Stanford-sponsored trips to Paris: More evidence it was better back then

Golden age of student travel...

April 2, 2014 • Vintage • Views: 1009

I give you this fantastic photo dug up from the Stanford archives. When I saw it, I had to find out more. I mean how great does this trip look? Saddle shoes, a guitar, fit and flare dresses…all clustered around an Air France flight, with not a whiff of security (or yoga pants) in sight.

So what’s the deal here. Well, I looked it up and came across this info in an obituary of Robert Walker, professor of political science and founder of the program. The blurb from his obit:

Aided by the strength of the American dollar, Walker leased whole airplanes to take Stanford undergraduates to overseas campuses that he and Professor Friedrich Strothmann started in 1958, first in Germany, and then in France, Italy, Austria, Great Britain and Spain. At a time when other universities were sending a few exceptional students to study in foreign universities, Walker wanted to expose as many as possible to other cultures, believing that an international perspective was an essential part of a liberal education. Three of every five Stanford undergraduates, 8,000 in all, went abroad for two quarters during his tenure as director of overseas campus programs, which ended in 1973. With so many students away, the university also was able to increase its total enrollment.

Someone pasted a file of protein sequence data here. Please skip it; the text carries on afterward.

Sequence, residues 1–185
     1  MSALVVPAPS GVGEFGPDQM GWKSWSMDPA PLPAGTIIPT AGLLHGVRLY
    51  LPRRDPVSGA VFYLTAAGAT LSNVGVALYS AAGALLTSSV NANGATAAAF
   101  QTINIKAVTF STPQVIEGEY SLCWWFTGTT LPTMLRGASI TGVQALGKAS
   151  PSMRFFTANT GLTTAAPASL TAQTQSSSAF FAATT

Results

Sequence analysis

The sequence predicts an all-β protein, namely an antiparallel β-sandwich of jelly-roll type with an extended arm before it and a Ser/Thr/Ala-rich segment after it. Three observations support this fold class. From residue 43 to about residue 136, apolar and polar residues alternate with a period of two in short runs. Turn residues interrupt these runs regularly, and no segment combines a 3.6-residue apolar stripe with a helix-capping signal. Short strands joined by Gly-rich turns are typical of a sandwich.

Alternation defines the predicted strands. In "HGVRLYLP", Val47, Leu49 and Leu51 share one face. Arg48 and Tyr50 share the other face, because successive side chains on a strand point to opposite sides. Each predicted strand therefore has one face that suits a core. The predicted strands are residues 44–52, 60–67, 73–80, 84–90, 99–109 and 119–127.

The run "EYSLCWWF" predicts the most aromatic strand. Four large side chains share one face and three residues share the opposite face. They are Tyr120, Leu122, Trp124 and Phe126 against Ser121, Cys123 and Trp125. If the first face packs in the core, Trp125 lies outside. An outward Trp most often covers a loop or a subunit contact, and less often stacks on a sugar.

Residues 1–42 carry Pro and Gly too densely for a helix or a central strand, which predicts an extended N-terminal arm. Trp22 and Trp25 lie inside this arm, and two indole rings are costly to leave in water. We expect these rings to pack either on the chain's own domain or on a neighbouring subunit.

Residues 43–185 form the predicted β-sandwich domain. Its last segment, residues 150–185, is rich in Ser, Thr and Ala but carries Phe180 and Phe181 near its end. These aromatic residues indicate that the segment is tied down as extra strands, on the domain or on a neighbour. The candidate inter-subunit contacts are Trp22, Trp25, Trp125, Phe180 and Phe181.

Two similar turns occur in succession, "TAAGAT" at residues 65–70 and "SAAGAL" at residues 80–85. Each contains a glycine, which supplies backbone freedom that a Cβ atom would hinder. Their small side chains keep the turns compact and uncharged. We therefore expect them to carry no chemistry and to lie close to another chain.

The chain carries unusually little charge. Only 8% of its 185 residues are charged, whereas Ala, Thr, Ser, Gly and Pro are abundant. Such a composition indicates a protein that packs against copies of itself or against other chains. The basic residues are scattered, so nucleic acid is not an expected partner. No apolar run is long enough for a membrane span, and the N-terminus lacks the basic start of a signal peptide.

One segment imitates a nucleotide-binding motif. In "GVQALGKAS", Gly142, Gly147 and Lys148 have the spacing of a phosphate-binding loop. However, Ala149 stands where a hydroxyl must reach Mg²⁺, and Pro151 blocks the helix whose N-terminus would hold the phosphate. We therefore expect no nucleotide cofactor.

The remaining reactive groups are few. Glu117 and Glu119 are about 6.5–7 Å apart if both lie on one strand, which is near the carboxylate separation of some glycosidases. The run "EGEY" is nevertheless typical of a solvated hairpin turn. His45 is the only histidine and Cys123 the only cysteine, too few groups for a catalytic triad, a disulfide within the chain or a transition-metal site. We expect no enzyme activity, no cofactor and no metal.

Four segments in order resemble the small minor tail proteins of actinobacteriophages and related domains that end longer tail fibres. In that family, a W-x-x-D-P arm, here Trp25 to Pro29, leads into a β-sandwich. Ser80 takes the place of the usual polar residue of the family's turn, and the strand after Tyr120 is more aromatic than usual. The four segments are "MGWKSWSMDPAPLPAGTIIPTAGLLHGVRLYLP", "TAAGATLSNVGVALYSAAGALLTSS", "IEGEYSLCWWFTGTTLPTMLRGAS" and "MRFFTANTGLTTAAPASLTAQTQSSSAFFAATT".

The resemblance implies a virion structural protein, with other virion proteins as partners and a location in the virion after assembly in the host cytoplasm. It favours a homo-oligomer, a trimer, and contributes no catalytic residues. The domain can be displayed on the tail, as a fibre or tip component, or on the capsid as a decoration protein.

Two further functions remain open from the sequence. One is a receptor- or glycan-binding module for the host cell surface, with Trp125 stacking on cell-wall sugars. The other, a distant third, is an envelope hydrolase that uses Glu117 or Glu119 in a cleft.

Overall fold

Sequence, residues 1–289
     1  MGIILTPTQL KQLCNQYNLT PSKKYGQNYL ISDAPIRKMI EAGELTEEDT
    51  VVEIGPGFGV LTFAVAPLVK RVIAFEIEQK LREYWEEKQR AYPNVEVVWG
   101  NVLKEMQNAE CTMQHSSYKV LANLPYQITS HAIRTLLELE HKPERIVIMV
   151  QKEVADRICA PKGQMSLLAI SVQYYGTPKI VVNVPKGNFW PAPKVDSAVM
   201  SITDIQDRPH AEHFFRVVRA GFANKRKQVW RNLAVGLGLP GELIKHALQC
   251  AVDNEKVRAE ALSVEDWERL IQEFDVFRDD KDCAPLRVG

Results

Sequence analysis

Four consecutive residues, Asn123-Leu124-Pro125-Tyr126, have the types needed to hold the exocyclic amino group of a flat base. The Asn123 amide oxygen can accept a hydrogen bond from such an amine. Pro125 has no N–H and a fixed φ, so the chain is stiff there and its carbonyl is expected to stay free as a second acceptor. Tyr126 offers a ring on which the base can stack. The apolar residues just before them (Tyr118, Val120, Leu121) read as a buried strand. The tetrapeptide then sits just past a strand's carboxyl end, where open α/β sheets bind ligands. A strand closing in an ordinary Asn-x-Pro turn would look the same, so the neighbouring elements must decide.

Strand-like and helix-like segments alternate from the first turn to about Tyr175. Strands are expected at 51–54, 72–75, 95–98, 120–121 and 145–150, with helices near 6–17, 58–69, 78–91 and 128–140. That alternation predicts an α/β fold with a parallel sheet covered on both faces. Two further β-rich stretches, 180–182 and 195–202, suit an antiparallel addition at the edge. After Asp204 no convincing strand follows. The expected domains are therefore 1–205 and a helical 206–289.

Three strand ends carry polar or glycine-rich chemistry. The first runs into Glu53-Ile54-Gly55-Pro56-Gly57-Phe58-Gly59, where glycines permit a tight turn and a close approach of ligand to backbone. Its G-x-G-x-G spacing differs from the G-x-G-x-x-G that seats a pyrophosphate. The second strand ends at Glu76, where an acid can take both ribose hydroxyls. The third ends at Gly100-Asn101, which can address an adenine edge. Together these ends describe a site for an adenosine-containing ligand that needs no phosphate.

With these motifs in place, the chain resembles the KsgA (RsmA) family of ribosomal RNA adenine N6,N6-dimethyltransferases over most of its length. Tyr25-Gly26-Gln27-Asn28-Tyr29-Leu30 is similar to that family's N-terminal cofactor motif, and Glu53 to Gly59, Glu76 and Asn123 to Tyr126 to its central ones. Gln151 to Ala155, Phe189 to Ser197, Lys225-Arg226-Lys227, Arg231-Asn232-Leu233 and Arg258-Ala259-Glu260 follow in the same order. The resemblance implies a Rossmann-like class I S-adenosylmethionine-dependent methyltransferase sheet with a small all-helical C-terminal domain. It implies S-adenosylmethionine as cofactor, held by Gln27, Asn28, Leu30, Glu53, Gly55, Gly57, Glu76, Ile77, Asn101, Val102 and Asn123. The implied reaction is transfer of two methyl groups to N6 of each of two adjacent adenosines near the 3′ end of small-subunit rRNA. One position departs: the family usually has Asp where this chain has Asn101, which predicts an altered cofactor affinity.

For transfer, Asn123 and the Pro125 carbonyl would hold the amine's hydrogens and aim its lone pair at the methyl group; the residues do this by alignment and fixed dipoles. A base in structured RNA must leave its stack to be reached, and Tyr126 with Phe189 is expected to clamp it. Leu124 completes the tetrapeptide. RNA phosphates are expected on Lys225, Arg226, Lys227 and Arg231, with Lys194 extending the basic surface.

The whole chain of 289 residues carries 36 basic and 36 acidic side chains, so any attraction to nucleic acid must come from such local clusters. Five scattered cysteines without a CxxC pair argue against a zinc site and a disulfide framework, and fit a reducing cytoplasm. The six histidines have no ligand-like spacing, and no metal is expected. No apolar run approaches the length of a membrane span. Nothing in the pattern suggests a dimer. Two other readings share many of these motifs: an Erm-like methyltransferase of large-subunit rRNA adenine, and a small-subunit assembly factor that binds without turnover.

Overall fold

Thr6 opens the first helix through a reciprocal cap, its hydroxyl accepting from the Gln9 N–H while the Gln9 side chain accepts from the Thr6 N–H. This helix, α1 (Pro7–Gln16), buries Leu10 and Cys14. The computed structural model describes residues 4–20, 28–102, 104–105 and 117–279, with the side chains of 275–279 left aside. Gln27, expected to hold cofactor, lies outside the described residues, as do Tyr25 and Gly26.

At the GSB, we have as one of our requirements, global experience travel while here. ┬áProbably for the same reason Walker had in mind – if you see more of the world, experience more cultures, economies and political structures, you’ll be better prepared, more aware and generally smarter.

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